A time of reckoning

PN has credentials to re-establish Malta’s international reputation

The FIAU report on Pilatus Bank reads “… the Committee could not in any way ignore the Bank’s direct or indirect exposure to a series of connections with figures from the Caucasus region considered to present extreme risks of money laundering”.

It then concludes that “The Bank’s total disregard towards necessary AML/CFT safeguards, led to it allowing millions to pass through the Maltese economy without any consideration of possible money laundering taking place”.

The bank is within its rights to legally contest this. Our jurisdiction, thankfully, allows this freely. It also considers degrees of involvement, lest this turns out to be some travesty with those on the lower levels paying the price for those higher up.

While this legal dimension is kept unprejudiced, the damaging effect on our economy and our national reputation are such that political responsibility simply cannot be ignored if we are to move out and move on.

Who, by act or omission, has allowed this to happen and undermine over 30 years of hard work and huge investment by so many?

Who has failed to act with the first clear warning signs out for all to see? Who benefitted and still benefits from such glaring failure?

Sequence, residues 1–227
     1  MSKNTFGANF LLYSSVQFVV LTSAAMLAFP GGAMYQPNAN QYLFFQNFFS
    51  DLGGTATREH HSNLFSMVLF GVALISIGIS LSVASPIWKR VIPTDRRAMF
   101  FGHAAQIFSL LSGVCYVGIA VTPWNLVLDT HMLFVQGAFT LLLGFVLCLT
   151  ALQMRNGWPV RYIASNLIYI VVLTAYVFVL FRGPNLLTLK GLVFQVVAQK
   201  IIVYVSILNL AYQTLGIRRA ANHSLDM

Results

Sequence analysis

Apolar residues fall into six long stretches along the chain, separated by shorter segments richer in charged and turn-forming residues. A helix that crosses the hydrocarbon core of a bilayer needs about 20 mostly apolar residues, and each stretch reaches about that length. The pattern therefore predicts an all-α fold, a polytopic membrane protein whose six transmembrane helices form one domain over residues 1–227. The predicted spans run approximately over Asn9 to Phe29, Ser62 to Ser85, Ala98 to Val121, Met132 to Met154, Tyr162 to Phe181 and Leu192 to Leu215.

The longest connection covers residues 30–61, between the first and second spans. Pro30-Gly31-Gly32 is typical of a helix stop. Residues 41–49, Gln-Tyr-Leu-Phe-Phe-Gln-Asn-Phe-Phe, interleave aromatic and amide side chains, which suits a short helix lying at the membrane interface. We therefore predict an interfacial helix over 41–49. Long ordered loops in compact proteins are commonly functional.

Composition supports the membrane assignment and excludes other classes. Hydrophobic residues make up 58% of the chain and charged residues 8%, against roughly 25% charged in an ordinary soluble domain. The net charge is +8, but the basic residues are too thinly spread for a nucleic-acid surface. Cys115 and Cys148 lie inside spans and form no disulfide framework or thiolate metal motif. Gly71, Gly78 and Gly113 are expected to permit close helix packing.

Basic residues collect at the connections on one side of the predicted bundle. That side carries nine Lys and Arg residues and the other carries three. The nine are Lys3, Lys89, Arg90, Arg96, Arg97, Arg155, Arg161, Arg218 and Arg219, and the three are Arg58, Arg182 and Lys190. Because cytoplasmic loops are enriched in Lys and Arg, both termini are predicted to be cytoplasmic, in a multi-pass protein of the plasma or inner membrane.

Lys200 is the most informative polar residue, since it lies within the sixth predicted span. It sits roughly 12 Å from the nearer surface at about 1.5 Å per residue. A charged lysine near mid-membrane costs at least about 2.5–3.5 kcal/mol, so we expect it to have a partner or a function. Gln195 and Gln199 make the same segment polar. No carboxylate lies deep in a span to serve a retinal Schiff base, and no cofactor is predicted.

Pilatus has been at the centre of controversy ever since leaked financial intelligence reports highlighted suspicion of money laundering and serious compliance shortcomings in 2016, one year before Labour Party supporters celebrated their electoral victory, manifestly crediting the bank for having contributed to the outcome.

It had to be the European Central Bank in November 2018 to have the bank closed down.

Yet, the bank was subject to purportedly a thorough compliance process in 2016.  After initial deficiencies were flagged, a second on-site examination was agreed to. This led the FIAU to conclude that these deficiencies, including insufficient documentation to prove the legitimacy of certain funds and the ease with which politically exposed persons transacted without the level of scrutiny required by law, “no longer subsist”.